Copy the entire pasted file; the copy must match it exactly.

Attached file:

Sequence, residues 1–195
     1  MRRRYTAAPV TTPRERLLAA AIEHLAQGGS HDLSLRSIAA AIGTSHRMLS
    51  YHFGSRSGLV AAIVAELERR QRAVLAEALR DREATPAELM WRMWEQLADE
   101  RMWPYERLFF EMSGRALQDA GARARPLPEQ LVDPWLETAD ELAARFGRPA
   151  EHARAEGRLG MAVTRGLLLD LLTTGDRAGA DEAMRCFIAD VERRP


Sequence, residues 1–195
     1  MRRRYTAAPV TTPRERLLAA AIEHLAQGGS HDLSLRSIAA AIGTSHRMLS
    51  YHFGSRSGLV AAIVAELERR QRAVLAEALR DREATPAELM WRMWEQLADE
   101  RMWPYERLFF EMSGRALQDA GARARPLPEQ LVDPWLETAD ELAARFGRPA
   151  EHARAEGRLG MAVTRGLLLD LLTTGDRAGA DEAMRCFIAD VERRP